February’s Moon is called the Snow Moon. However, note that there will not be a full Moon phase this month. Why not? Read more about lunar calendars and the Snow Moon.
Why No Full Moon in February
In February of 2018, there is not a full Moon phase simply because of the way the calendar works. A Moon orbit is 29 ½ days. Since February only has 28 days, there are some years when February will not have a full Moon. When this happens, both January and March will have two full Moons each. This last happened in 1999 and will happen again in 2037. Specifically, the sequence of full Moons to start 2018 are: January 1, January 31, March 1, and March 31.
The second full Moon in month is popularly called a Blue Moon.
February’s Snow Moon
Hunting becomes very difficult, and so some Native American tribes called this the Hunger Moon. Other Native American tribes called this Moon the “Shoulder to Shoulder Around the Fire Moon” (Wishram Native Americans), the “No Snow in the Trails Moon” (Zuni Native Americans), and the “Bone Moon” (Cherokee Native Americans). The Bone Moon meant that there was so little food that people gnawed on bones and ate bone marrow soup.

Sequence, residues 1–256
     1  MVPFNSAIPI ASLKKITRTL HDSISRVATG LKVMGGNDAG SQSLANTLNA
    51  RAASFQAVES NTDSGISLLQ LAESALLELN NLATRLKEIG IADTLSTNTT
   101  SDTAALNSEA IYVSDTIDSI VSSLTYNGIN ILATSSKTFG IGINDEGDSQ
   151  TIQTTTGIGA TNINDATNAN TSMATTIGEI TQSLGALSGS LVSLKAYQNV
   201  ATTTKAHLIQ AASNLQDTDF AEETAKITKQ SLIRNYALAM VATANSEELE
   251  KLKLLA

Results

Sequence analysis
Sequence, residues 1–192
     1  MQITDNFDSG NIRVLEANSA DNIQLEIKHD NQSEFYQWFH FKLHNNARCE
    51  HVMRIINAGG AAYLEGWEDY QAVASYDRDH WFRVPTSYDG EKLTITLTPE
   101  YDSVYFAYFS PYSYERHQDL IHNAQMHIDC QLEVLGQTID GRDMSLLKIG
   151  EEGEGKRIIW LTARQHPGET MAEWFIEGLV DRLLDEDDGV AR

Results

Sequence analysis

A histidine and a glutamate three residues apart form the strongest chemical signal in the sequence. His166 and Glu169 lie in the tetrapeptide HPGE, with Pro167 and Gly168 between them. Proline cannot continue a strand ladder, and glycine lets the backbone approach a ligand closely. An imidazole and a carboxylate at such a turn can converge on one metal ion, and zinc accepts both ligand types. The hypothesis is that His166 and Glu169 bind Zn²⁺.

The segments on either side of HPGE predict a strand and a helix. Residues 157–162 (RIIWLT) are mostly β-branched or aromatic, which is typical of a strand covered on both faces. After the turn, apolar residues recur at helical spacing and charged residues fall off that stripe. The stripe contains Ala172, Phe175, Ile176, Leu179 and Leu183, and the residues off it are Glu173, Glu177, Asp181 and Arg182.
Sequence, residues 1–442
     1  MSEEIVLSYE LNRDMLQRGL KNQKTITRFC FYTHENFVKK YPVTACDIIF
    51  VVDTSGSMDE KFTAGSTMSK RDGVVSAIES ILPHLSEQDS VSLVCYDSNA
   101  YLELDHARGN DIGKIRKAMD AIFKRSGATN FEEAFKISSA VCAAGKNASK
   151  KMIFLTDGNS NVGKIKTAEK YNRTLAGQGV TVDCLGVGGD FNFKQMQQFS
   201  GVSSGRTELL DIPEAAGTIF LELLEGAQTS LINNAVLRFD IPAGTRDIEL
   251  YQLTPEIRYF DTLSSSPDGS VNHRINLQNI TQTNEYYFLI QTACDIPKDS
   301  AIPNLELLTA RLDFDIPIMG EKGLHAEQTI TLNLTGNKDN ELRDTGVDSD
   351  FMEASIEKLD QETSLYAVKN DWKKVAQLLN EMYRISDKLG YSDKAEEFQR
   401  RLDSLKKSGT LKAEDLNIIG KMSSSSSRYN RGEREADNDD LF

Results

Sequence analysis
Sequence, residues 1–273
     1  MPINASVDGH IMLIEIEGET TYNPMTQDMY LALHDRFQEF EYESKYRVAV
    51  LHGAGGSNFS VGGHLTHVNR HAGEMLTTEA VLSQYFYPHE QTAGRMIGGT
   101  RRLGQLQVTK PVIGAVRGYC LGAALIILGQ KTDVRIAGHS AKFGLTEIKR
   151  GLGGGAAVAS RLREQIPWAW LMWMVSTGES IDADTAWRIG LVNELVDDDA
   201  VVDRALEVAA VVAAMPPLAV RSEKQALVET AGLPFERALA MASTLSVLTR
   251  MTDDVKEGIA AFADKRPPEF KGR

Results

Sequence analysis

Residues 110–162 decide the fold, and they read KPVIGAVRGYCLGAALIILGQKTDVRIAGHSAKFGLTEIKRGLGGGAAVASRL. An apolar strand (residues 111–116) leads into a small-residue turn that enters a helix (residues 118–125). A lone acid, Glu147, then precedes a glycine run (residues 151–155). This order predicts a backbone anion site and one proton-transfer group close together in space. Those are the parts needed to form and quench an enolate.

See a full calendar year of Moon names and their meanings.
Moon Phases for February 2018
(All dates and times are ET. See the Almanac’s Moon Phase Calendar for your city/state.)
Note: As stated above, February will not have its own full Moon in 2018. See the March Moon Guide.
Last Quarter: February 7, 10:54 A.M.
New Moon: February 15, 4:05 P.M.
First Quarter: February 23, 3:09 A.M.
February Snow Moon Video
Each month, we will explain the traditional names of the Full Moon along with some fascinating Moon facts. In this video, learn about the Snow Moon, “Moon weather,” and the horns of the new crescent Moon. Click below to watch the video.
Best Days in February 2018
Below are the Best Days for activities, based on the Moon’s sign and phase in February.
Aboveground crops: 16, 17, 25, 26
Belowground crops: 6, 7
For setting eggs:
4, 5, 24
15 to 28
Moon Facts and Folklore
- February 6, 1971, Alan Shepard became the first man to hit a golf ball on the Moon.
- Did you know that the Moon’s diameter is 2,160 miles? This is less than the width of the United States (approximately 3,000 miles), and 0.27 of Earth’s diameter (7,926 miles).
- Wolves have howled at the Moon for centuries, yet it is still there.
- And hand in hand, on the edge of the sand, they danced by the light of the Moon.
—Edward Lear, English poet (1812-88)
Share your thoughts about the Moon below!